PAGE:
The website Seeking Arrangement, which boasts of being ‘The Elite Sugar Daddy Dating Site for those Seeking Mutually Beneficial Relationships® & Mutually Beneficial Arrangements™’, has come under fire from that august body of men and women otherwise known as MSPs.
The site’s premise is simple enough: bringing together wealthy, usually older benefactors and cash-strapped younger adults on whom they can show their money. Think any aging celebrity with a young, attractive woman on their arm and you are there.
The website revealed yesterday that the University of Edinburgh is the latest Scottish university to make it on to their annual “Top 20 Fastest Growing Sugar Baby Schools” in the UK.
It said there had been a 222 per cent increase in female student sign-ups from the university since April 2012, putting it in 8th place with 148 new members in the UK league table.
The university is one of three north of the Border on the list. The others are Glasgow Caledonian which is ranked fifth and St Andrews ninth.
Students finding ways other than taxpayer backed loans to cover the cost of their tuition? Excellent. Initiative isn’t completely dead yet then.
But, as mentioned, the politicians – a group always suspicious of voluntary arrangements between consenting adults – are going for the scare tactic:
Liz Smith, MSP, Scottish Conservative education spokeswoman said that such sites could put female students at risk.
“I do not think I will be alone in having deep-seated concerns about this. I am sure there will be many parents, members of staff and indeed many students themselves who will rightly be very wary of the approach of this type of website,” she said.
“Sadly, there have been other circumstances where the police have been called in to investigate similar website activity and there is clearly a matter of concern about the reported growth-rate of female students wanting to make use of these social networking sites.”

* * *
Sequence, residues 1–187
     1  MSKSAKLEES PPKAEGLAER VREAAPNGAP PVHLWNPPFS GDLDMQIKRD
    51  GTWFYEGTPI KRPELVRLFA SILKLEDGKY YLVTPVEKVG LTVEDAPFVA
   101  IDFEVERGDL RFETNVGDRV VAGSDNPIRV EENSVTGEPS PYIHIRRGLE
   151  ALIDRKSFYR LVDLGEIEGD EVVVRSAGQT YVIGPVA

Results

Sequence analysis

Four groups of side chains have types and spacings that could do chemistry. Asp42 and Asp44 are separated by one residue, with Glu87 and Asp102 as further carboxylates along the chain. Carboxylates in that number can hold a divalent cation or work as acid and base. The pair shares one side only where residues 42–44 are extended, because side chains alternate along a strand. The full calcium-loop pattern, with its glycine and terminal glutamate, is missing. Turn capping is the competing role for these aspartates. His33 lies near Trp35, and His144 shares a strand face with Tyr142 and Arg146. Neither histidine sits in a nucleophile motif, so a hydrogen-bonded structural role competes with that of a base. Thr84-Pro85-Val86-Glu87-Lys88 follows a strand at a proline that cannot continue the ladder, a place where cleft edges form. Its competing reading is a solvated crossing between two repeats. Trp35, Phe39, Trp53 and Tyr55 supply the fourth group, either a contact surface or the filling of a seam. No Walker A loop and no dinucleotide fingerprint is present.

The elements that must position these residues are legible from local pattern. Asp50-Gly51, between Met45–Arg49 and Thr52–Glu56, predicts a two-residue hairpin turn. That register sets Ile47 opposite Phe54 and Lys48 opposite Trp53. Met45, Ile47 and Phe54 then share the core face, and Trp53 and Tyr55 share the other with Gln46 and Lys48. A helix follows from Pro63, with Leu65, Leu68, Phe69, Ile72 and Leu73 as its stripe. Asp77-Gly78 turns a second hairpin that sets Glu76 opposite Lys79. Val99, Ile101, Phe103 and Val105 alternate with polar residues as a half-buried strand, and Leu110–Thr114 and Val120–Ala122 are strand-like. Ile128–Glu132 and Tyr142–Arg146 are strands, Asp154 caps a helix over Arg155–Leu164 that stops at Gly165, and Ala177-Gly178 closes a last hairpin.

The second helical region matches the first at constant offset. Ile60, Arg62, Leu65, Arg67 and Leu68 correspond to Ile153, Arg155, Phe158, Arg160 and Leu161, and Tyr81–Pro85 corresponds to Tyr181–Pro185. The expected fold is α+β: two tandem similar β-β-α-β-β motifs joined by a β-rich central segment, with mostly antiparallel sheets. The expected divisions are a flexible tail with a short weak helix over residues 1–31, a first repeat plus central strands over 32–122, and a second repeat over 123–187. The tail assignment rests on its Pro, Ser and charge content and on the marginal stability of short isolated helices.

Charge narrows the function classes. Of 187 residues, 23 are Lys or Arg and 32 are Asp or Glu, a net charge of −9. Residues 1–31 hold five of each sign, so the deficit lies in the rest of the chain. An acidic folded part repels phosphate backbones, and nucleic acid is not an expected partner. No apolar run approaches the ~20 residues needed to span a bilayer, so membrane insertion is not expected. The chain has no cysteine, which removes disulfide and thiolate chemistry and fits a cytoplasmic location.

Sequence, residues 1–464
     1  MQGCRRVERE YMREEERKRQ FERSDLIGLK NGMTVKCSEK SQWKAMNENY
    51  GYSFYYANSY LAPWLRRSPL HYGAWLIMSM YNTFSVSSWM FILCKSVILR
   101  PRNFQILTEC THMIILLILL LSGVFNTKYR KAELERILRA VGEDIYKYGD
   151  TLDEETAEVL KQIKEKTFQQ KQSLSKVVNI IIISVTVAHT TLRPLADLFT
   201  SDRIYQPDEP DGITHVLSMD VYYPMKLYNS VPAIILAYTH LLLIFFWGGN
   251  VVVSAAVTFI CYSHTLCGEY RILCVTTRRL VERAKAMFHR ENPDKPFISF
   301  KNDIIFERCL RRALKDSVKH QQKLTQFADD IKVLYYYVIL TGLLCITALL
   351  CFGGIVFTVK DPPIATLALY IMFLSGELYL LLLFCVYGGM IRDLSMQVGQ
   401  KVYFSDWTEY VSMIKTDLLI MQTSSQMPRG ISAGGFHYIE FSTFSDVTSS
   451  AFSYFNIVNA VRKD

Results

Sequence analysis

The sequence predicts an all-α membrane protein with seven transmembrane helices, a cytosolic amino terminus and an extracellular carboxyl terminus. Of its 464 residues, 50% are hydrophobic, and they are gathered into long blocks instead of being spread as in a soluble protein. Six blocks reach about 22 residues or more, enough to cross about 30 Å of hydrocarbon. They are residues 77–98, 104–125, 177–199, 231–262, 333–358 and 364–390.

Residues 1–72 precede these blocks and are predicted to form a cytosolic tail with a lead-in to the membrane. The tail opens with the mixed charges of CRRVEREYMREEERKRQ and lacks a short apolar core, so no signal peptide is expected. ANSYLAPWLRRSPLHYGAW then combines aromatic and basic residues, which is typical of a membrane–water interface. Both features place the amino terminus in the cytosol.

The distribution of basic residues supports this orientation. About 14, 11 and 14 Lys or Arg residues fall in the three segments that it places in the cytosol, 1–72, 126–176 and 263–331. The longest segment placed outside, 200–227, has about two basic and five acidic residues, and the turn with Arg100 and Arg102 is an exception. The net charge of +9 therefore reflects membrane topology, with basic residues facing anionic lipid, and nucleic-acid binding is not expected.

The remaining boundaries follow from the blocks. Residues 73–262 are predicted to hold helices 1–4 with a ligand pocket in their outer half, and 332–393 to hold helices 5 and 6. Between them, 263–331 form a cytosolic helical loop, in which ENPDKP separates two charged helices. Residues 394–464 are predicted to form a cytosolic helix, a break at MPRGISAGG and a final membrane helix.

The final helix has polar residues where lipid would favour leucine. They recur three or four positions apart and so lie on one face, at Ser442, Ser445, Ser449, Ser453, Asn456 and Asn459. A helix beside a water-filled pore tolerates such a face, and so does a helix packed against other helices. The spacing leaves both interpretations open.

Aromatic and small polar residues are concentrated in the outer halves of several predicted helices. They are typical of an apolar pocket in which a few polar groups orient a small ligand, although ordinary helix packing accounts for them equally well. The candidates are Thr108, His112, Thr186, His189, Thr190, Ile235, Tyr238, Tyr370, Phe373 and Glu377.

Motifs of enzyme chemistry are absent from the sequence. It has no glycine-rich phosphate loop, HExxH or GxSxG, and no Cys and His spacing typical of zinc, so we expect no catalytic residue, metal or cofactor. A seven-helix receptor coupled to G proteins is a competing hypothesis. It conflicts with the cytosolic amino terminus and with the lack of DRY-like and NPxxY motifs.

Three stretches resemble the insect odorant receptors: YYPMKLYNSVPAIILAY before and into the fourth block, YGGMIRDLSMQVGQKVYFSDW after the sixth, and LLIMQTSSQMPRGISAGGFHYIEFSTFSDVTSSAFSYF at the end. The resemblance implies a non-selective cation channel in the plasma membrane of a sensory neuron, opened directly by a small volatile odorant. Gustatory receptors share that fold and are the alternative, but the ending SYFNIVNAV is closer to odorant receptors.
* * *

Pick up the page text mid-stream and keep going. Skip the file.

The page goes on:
Labour MSP Neil Findlay, a member of the education committee, said: “The company may like to spin this as students ‘being proactive in pursuing a higher education but I am very concerned that this may take are more sinister turn.
“Young people may be vulnerable to older men who may have less than altruistic motives behind their apparent generosity. The reality is Mr Wade’s company is making money out of a system that could be putting young students in danger.”
Yes, something might go wrong for a small percentage of the students – but that is how life works. Your job, you useless fools, isn’t to protect people every single waking second of the day – regardless of how much you may think otherwise. The only role of the state has to play in this (given its current monopoly on law and order) is to get involved when harm is done.
Besides, I suspect the people more likely to get fleeced out of these arrangements are those putting up the readies.